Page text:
Metastatic Spine Cancer
Metastatic Spine Cancer Overview
Metastatic spine cancer occurs when cancer cells spread to the spine from elsewhere in the body via the bloodstream. Metastatic spine cancer can develop in any region of the spine, including:
- Cervical spine (neck)
- Thoracic spine (mid-back)
- Lumbar spine (lower back)
- Sacrum (base of the spine)
Metastatic spine cancer can also be categorized in the following ways:
- Intradural-extramedullary — a tumor inside the thin covering of the spinal cord, known as the dura
- Intramedullary — a tumor within the spinal cord itself
- Extradural — a tumor outside of the spinal cord and its dura but within or surrounding the bony spinal column
Metastatic spinal tumors are also known as secondary spinal tumors, whereas tumors that originate in the spine are known as primary spinal tumors.
Anatomy of the Spine
Your spine is made up of 33 vertebrae divided into five different segments, which are listed below in order from your head to your legs:
- Cervical, or the neck
- Thoracic, the middle of the back
- Lumbar, or lower back
- Sacrum, where the spine connects to the hips
- Coccyx, the tailbone
Metastatic spine cancer can occur in any segment of the spine, though metastatic cancer of the lumbar spine is the most common.
Metastatic Spine Cancer Symptoms
Symptoms of metastatic spine cancer vary depending on the location, size, and type of tumor. They may include:
- Acquired spinal deformities
- Decreased sensitivity to pain or temperature
- Difficulty walking or balancing
- Loss of bowel or bladder function
- Numbness or weakness in the legs, arms, or chest
- Stiffness or pain in the neck or back
Metastatic Spine Cancer Treatments
Depending on the size, type, and location of the tumor, treatment may include the following:
Neuro-Rehabilitation for Metastatic Spine Cancer
During and after treatment for metastatic spine cancer, neuro-rehabilitation may help you regain function and independence. Rehabilitation does not reverse damage to the spinal nerves, but it can help you achieve the best possible long-term outcome.
Each patient’s rehabilitation journey is unique, but it may include:
- Physical therapy to help you regain lost muscle strength and motor skills
- Occupational therapy to help you return to everyday activities at home in and in the community
- Recreation therapy to enhance your overall quality of life
Common Questions about Metastatic Spine Cancer
How common is metastatic spine cancer?
It is estimated that between 30 and 70 percent of people with cancer develop a spine metastasis. Extradural tumors are the most common type of spinal tumors, and intramedullary tumors are the least common.
What causes metastatic spine cancer?
Metastatic spine cancer occurs when cancer spreads to the spine from another part of the body. Cancer is caused by mutations to the DNA within cells. There are many possible risk factors for cancer, including lifestyle factors and family history.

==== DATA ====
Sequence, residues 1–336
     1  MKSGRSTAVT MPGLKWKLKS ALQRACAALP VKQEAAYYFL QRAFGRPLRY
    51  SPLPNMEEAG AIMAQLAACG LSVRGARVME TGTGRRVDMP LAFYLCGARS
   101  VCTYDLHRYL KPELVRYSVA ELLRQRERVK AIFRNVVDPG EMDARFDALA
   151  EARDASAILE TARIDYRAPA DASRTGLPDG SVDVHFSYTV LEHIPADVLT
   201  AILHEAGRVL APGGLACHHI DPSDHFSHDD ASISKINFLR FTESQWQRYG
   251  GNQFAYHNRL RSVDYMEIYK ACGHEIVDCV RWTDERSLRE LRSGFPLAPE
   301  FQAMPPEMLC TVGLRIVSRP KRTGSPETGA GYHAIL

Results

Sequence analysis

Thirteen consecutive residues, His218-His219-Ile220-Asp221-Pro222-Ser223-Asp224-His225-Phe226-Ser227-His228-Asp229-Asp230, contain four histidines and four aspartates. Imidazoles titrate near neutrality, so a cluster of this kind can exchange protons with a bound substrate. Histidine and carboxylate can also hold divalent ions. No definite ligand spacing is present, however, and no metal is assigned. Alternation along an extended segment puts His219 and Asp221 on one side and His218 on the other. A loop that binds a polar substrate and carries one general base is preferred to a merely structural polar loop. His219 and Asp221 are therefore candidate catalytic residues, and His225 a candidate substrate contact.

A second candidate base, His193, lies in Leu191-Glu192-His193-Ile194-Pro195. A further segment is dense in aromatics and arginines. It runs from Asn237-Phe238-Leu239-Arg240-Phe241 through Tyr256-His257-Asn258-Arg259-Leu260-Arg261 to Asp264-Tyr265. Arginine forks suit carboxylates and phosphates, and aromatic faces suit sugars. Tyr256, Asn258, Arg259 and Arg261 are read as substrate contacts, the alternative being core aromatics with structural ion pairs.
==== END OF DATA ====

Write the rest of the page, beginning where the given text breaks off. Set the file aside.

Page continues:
Who gets metastatic spine cancer?
Metastatic spine cancer can affect anyone. The following cancers are the most likely to spread to the spine:
Other cancers that can spread to the spine include:
- Gastrointestinal cancers
- Kidney cancer
- Multiple myeloma
- Thyroid cancer
How is metastatic spine cancer diagnosed?
Your doctor may use any of the following to diagnose metastatic spine cancer:
- Medical history
- Physical examination to check vital signs
- Neurological examination to evaluate pain and function
- Imaging tests, such as magnetic resonance imaging (MRI), computed tomography (CT), or X-ray to look for tumors and problems with the bones of the spine
- Biopsy to evaluate tumor tissue under a microscope
Information and Resources for Metastatic Spine Cancer
- Redmond KJ, Lo SS, Soltys SG, Yamada Y, Barani IJ, Brown PD, Chang EL, Gerszten PC, Chao ST, Amdur RJ, De Salles AA, Guckenberger M, Teh BS, Sheehan J, Kersh CR, Fehlings MG, Sohn MJ, Chang UK, Ryu S, Gibbs IC, Sahgal A. Consensus guidelines for postoperative stereotactic body radiation therapy for spinal metastases: results of an international survey. J Neurosurg Spine. 2017 Mar;26(3):299-306. doi: 10.3171/2016.8.SPINE16121. Epub 2016 Nov 11. PMID: 27834628; PMCID: PMC5551391.
- Wilson DA, Fusco DJ, Uschold TD, Spetzler RF, Chang SW. Survival and functional outcome after surgical resection of intramedullary spinal cord metastases. World Neurosurg. 2012 Feb;77(2):370-4. doi: 10.1016/j.wneu.2011.07.016. Epub 2011 Nov 7. PMID: 22120329.
- Anwar M, Barani IJ. Role of stereotactic body radiotherapy in spinal metastasis and subsequent fracture risk: identifying and treating the at-risk patient. CNS Oncol. 2013 Sep;2(5):437-45. doi: 10.2217/cns.13.31. PMID: 25054666; PMCID: PMC6136102.